2. Cultivate separateness as much as togetherness.

Although we all like to think of ourselves as someone easy to be around, the truth is that everyone is very hard to be with, let alone to be with all the time.

It is easy to forget that separateness is as vital as togetherness for a healthy relationship. Creating personal space for each other has always been essential since the time of our hunter-gatherer ancestors. Our ancestors built pair-bonds but separated every morning for their own different tasks.

No two human beings can stay together 24/7 without getting fed up with each other. Make some alone time for each of you, and in a caring way. Do things separately in different spaces if you can. Also, keep in mind that you do not need to leave a space physically to have some alone time.

Meanwhile, nurturing a healthy togetherness is also worth efforts. Plan something special regularly. Arrange a virtual dinner with your partner if they are far away. Have a romantic movie and wine night or a fun game night.

Be creative and effortful to make life more, literally, eventful. With the prospect of some kind of unusualness going on for a long while, even small-scale events, or rhythm changes in the days, can make a big and positive difference.

3. Take care of your sex life.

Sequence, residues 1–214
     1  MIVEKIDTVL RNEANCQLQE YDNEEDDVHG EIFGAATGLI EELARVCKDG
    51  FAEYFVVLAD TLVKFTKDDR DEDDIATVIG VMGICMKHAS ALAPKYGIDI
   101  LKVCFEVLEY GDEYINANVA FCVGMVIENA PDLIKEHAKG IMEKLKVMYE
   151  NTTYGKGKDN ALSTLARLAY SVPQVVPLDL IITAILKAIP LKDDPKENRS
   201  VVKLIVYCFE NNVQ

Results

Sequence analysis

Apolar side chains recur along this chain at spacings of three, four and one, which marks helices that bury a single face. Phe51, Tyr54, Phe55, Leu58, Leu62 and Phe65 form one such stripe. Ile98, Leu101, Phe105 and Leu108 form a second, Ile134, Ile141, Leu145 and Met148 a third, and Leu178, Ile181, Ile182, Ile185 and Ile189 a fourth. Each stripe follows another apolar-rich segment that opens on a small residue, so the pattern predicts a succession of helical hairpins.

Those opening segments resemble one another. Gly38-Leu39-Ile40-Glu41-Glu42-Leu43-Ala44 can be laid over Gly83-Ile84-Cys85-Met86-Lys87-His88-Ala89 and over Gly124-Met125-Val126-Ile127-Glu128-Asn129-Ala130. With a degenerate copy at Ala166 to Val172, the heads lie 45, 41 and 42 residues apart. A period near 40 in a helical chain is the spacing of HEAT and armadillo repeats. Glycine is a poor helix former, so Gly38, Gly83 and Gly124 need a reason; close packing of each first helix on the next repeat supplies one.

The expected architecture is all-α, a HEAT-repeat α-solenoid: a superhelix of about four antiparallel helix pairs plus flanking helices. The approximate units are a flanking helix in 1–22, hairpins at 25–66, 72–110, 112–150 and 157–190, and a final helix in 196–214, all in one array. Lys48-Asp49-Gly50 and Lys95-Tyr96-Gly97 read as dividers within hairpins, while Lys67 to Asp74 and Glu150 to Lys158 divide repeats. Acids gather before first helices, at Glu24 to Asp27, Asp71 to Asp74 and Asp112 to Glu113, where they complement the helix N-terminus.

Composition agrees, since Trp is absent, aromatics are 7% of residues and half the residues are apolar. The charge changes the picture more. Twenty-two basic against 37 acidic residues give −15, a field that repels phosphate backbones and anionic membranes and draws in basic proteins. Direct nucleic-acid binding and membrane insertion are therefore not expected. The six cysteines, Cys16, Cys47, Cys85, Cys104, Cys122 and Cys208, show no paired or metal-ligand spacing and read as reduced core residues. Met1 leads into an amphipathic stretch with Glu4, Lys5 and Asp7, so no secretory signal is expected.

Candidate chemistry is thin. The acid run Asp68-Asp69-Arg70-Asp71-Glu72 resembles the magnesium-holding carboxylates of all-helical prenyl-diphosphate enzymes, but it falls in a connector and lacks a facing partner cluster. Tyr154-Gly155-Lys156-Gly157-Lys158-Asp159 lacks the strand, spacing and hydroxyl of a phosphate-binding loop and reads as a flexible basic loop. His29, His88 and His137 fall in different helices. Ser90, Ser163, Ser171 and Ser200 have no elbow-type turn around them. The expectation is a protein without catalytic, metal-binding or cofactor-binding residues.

Sex and intimacy is another pressing topic in relationships, especially during this time. Separated couples may suffer from lack of physical affection, experiencing the so-called “skin hunger” (a concept created by Kory Floyd, a professor at the University of Arizona). Meanwhile, the “stuck-together” couples may struggle with differentiated libido levels.

There is no such thing as a bad time for trying something new to spice up your sex life. Discuss what your partner feels comfortable with. Create a private and cosy intimate atmosphere. Start small with sexting. Upgrade to audio and then perhaps video. Use technology to your advantage.

What about the situation of unequal sex drives? Again, the key is to communicate what and how you feel and then find a solution together.

Meanwhile, remember that stress is a vital impact factor in sex drives. Occasional lack of sex interest does not mean that your partner does not love you anymore. Consider consulting a therapist if the problem persists.

4. Check in with yourself before you do with your partner.

We’ve all heard the common phrase that you must love yourself before you can love another. But as much as it is universally known, it is constantly forgotten.